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Format: Hardcover
Felt like there was a little too much effort put into making this into a Manly Tale. Everything seems a little too exagerrated- the spicy language, the icy fear, the burning decisions. Maybe this style would have held up without question in a magazine, but at the novel's length, I kept wondering- "How do you know?" The little details started to feel like some of them were imagined or embellished; the writing was popping me out of being lost in the scene.

The endless background stories didn't seem like necessary set-ups to the main story, they seemed like padding. All the tales of the cowboy days of space travel made the main story a little beige.

This criticism doesn't have anything to do with the actual story subjects. I was very glad to learn what had happened to the crew (I had forgotten about them during that time just like everybody else). I would have probably enjoyed actual interviews and quotes from them more than this second or third-hand tale.
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Format: Hardcover
Only someone in total denial would be able to believe that space travel isn't risky or potentially dangerous..and, of course, there's been plenty of deaths among astronauts - before takeoff, while in the air, etc. Books have been written about those events. So what makes this one a standout?
Somehow, almost seamlessly, this particular author (Chris Jones) manages to create a book that breaks the mold and writes a gripping account of three astronauts who were left stranded in space when the unexpected happened and the Columbia exploded, leaving them literally "lost in space.", with no obvious ride home.
This book combines so many genres and melds them into one compelling read. It is part memoir/biography (with the lives of the astronauts and their background revealed), part gripping tale of what went wrong and also a revealing look at life in space, with the kind of details that people may not have known before. It all seems so IMMEDIATE, so real, so "you were there" in writing style. I could not put it down and I am not normally a fan of books about space or space travel.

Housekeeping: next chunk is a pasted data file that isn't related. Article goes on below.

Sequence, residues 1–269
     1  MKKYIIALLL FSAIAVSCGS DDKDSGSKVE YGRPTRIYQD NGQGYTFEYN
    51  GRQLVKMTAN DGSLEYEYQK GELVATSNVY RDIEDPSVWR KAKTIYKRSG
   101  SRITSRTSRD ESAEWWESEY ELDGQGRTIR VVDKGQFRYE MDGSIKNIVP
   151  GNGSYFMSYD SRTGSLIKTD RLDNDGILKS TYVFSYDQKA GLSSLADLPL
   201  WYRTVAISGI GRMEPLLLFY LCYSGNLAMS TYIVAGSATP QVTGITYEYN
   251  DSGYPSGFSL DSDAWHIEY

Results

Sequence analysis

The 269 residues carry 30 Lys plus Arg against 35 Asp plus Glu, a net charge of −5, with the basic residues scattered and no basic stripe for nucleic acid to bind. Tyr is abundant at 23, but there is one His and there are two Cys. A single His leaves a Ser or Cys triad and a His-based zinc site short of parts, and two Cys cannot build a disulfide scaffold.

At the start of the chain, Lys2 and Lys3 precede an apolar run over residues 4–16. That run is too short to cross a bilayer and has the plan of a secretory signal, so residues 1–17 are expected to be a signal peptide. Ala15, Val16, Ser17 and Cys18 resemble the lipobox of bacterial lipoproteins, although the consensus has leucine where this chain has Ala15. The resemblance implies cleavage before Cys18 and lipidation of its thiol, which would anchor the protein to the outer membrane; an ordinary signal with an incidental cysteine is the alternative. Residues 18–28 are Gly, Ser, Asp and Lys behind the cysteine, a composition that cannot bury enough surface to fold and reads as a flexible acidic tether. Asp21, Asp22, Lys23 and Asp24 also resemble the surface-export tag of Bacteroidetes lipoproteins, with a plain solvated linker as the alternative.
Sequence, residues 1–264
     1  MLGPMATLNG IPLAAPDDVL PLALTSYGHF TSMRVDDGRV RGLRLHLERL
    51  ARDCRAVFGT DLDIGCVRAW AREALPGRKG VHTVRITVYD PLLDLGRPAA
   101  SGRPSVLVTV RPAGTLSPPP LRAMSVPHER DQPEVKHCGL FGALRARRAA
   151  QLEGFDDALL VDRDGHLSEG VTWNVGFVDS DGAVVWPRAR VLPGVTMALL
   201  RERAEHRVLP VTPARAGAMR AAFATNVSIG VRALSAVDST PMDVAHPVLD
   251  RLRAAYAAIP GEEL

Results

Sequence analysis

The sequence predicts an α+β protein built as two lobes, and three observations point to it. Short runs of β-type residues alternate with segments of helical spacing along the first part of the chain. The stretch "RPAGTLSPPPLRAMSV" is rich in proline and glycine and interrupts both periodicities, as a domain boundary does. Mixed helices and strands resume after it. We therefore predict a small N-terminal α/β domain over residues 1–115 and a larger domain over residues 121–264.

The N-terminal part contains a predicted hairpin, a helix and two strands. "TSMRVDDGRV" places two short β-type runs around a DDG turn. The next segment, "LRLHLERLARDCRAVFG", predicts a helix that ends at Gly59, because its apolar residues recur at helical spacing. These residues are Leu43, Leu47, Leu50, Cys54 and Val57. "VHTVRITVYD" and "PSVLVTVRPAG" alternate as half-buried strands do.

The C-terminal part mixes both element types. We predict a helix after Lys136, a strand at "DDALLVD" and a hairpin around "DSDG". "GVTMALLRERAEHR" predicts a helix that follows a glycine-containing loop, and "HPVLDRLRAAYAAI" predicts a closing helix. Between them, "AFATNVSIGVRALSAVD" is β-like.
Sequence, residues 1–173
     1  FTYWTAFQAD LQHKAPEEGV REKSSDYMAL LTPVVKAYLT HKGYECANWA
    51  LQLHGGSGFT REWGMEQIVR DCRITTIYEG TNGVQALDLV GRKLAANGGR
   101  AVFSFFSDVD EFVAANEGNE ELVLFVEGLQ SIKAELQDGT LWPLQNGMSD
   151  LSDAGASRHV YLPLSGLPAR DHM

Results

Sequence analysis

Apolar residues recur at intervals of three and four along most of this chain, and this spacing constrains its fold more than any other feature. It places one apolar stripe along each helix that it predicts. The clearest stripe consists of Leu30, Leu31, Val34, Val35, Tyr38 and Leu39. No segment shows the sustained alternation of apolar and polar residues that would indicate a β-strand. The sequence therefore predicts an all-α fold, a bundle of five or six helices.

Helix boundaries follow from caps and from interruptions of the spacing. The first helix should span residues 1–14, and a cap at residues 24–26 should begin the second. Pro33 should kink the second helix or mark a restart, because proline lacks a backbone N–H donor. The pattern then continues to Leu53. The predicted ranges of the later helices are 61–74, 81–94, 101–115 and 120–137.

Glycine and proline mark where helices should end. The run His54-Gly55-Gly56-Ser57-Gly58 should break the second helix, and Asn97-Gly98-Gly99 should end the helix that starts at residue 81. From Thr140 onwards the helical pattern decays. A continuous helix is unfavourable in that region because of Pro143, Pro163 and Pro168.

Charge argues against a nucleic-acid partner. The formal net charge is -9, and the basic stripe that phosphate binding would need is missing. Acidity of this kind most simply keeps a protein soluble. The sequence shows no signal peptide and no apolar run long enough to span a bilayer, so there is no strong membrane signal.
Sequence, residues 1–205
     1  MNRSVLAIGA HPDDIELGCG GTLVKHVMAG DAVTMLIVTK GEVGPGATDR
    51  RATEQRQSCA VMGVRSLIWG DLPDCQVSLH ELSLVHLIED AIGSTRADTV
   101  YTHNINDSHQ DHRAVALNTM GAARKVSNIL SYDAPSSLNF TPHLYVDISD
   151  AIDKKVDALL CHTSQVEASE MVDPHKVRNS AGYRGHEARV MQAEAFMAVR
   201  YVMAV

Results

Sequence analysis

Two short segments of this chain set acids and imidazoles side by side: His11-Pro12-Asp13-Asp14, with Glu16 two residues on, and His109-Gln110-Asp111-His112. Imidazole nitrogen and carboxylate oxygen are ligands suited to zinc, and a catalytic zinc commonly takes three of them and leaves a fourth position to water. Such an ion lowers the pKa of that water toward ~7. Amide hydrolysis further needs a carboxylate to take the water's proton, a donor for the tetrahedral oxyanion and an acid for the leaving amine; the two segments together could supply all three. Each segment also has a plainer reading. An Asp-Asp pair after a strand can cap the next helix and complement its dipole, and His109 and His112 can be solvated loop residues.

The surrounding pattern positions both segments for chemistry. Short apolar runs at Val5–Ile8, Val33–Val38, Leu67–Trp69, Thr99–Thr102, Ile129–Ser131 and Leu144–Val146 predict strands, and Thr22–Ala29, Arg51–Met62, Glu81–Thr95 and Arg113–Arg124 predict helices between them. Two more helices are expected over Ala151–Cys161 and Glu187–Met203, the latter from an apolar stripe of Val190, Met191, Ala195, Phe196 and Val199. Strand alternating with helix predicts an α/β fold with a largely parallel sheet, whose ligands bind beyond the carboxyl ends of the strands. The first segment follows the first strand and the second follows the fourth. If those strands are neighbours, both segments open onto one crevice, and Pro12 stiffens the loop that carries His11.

So if you're looking for something different from what you usually read, pick this up - and then share it with a friend. It is truly an excellent and engrossing book, although at times I did have to put it down because it was so intense. But I couldn't put it down for long!
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Format: Hardcover
I am typically not a non-fiction reader. I bought the book for my husband and decided to read it first. I found myself quickly fascinated. The author takes some time to build a background of the astronauts that is essential to the story. In many instances the book reads like a novel, keeping me interested and focused. Pieces of history of the space program for the US and Russia are interspersed throughout, seamlessly blending with the story. The writing is beautiful. The author is able to spotlight the emotions of not only the astronauts who were "too far from home" but that of their wives as well. I highly recommended the book to anyone who loves stories about space and anyone else who just loves a good "story"!
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Format: Hardcover
It is somewhat hard to believe that in about a year, the first modules of the ISS will have spent 10 years in orbit. It is also a somewhat forgotten footnote that people have been living on the ISS for about 8 years as most of the world's population seems to be too caught up in things going on closer to home then to be concerned about the activities of a few individuals hurling around the Earth every 90 minutes. Chris Jones' book "Too Far From Home" has painted a most fascinating portrait of life aboard the ISS at a time of crisis for NASA, following the breakup of Columbia nearly 5 years ago.

Today we have some great autobiographical (and biographical) books being written about the shuttle program with Mike Mullane's "Riding Rockets" and "Sky Walking" written by Tom Jones. But "Too Far from Home" is the first I've read that covers life onboard the ISS itself as opposed to a shuttle mission to the ISS (such as the final mission that Tom Jones flew on when the Destiny Laboratory was delivered, chronicled in "Sky Walking"). Indeed as the station keeps growing in orbit, the experiences of future astronauts on that station will be similar, but in some ways probably uniquely different as the ISS adds new capabilities and needs. So this book makes a nice snapshot of life when the station was kept in something of a slightly mothballed state with supplies rationed to maintain the crew on smaller Russian Progress supply flights.

This book more then anything though is about three men, all with very different backgrounds. First up is Ken Bowersox, a military man, veteran of 5 shuttle flights as a pilot astronaut and later commander.